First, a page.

Autumn, awaking.


The name conjures earlier nightfall, crisp air, and the advent of all things spooky. It is thirty-one days of horror movies, pumpkin lattes, and the possibility of weather cool enough to open windows. It is a time of afternoon coffee, fresh radishes crisp as apples and nearly as big, and the first bowls of lunchtime soup.

When I moved to Central Texas five years ago, I thought that there were really only two seasons: Summer and not-Summer. I was wrong. There are seasons, but they are subtle. The trees may not erupt with the Autumnal fire of cooler climes, but they do change. The live oak mellows from a dark green to a gentle golden-green and the lush emerald of the cedars deepens. Insects and flowers that the sun killed return, making October a month of understated rebirth. Dragonflies float on sunlight-reflecting wings, glittering bits of consciousness hovering above the changed trees. Fireflies drift amongst dying thickets even as multicolored zinnias blow in the cooler breezes. On cloudy mornings, Austin’s ambient light reflects from the muzzy atmosphere, and a surprising profusion of sunflowers glow bright as good omens.

My creativity, which had grown sluggish beneath the constant blue of Summer’s onslaught, is also flowering. My work on expanding and revising the first book in my sci-fi/horror series is going at a good clip, and connections between characters and themes ricochet through my dreams to appear on the pages. In addition to work on the novel, I’m also preparing a short story for inclusion in an anthology. The story is a strange little gem inspired by Ouida Sebestyen’s novel, Girl in the Box. Not including reviews and blog posts, I have written close to four-hundred pages of new material this year. To put that in perspective, the final draft of Stolen Climates weighs in at just over 240 pages. I have never been this productive. I welcome my awakening!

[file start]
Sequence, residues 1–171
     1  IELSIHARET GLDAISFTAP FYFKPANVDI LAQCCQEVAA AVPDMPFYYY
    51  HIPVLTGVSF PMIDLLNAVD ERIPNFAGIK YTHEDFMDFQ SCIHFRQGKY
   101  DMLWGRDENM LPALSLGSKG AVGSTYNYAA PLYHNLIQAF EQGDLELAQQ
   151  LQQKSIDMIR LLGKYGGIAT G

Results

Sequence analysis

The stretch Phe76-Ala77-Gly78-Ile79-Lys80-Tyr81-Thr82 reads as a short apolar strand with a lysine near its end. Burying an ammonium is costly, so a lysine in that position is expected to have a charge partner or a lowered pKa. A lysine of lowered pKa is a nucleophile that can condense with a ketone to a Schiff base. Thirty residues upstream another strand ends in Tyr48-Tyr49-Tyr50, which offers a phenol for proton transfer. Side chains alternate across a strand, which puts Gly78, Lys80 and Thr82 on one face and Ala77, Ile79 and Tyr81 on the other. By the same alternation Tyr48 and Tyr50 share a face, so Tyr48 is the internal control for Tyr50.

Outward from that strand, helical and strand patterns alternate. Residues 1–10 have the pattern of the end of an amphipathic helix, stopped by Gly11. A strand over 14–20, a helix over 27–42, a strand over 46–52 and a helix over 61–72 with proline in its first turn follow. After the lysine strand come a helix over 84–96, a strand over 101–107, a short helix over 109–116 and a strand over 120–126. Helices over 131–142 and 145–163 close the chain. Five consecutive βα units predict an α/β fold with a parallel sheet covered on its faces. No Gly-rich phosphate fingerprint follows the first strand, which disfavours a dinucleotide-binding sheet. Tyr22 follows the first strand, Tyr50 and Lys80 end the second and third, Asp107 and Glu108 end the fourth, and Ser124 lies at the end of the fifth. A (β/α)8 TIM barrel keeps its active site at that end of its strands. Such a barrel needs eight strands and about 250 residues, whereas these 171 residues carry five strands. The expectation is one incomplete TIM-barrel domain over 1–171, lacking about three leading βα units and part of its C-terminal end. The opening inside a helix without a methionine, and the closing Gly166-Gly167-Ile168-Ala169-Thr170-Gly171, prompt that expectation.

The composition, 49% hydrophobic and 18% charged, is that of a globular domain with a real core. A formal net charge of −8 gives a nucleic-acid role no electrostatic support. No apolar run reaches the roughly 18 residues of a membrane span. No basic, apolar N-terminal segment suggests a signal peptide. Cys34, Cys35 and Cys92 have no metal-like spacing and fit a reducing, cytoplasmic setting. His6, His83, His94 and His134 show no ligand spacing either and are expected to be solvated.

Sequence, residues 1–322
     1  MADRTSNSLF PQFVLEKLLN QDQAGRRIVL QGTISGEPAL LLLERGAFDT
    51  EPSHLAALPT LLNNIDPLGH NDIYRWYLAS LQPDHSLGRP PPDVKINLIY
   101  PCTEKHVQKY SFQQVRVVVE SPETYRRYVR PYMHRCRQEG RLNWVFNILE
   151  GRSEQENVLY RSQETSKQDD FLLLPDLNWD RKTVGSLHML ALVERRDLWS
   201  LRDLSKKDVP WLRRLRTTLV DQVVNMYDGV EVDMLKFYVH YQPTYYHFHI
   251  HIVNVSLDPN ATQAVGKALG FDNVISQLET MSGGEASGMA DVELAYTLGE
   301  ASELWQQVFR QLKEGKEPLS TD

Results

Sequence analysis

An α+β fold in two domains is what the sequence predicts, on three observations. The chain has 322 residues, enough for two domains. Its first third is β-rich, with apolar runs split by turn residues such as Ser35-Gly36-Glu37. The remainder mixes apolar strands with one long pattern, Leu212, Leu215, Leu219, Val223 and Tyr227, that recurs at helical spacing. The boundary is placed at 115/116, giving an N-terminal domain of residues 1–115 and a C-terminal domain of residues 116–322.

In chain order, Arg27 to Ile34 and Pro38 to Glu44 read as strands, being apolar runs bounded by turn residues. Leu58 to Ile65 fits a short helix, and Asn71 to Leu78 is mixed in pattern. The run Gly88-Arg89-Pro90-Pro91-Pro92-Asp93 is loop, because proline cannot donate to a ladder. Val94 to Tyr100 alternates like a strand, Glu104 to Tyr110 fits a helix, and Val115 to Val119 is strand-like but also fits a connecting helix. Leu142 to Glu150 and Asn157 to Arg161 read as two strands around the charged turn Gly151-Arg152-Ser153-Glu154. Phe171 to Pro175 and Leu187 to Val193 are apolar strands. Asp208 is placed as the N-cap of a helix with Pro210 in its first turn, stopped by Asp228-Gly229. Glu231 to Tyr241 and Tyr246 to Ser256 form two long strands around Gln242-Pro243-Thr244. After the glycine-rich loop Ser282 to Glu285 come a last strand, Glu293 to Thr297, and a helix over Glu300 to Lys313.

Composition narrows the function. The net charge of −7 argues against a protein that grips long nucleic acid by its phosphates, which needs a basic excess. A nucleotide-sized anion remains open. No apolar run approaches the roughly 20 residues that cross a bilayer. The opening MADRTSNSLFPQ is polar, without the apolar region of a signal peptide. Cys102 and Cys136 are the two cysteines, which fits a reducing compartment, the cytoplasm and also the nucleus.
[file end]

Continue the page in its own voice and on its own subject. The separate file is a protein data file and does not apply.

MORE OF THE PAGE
October is also the month of horror blog hops. This year, I am participating in the Coffin Hop. Mark your calendars, because I’ll be giving away fun prizes, copies of Stolen Climates, and writing a post a day!

Coffin Hop 2012!

My love, October.

Fall is my favorite season.  Shadows quicken behind the sun’s shortened days. Plant life gasps golden deaths; the trees begin to bare their branches. Winds blow from a new direction and even here in Texas, there is the promise of Summer’s end.

I notice light: the way it falls across a yard, how it moves along a wall as the day passes, how it feels on my skin. The effulgent summer overwhelms me, dulls me with  ubiquitous luminosity.  Heat,  greenery, and unrelenting daylight steamroll my consciousness. Summer is a season of indolence, of hiding in the darkened cool of shaded rooms, of enduring. The calendar says otherwise, but summer in central Texas is at least six months long.  By the end of September, I start to feel anxious. I imagine people who live farther North feel this way about Winter, wondering if it will ever relent, if the seasons will ever turn.  I don’t bother to check the weather April through September; the high might waver by a few degrees, but once the heat sets in, there will be months of unvaried sweltering. This year, there has not even been any rain to take the edge off. I am ready for Autumn. I am ready for the change.

It doesn’t hurt Fall’s case any that October is an Autumn month. The sun sets earlier and invites the inborn fear of darkness. It is a time when walking on a trail after dark feels spooky rather than simply dangerous. There is a shift in psychological pressure as the forced fecundity of the growing season dies back.  Elements held in abeyance all through the beery, sundress days rise like mist. October is the month where my husband and I go on an exclusive visual diet of horror movies. Halloween is the crowning glory, and I am thrilled by the decorations, the candy to hide the bitter taste of death, the delicious charge of a haunted house, scary movie, or psychologically taut novel.

I love maize mazes, scarecrows, and carved pumpkins leering out of triangular eye sockets. I love the russet, orange, goldenrod color scheme. I love those obscene decorative gourds with their mottled skin and their absolute uselessness.  I love the way dry leaves sound as they are shoved along night time streets. I love the fact that I survived summer.

Happy Horror Season!

leering jack

STOLEN CLIMATES will be released in Kindle, Nook  and paperback  – more details soon!

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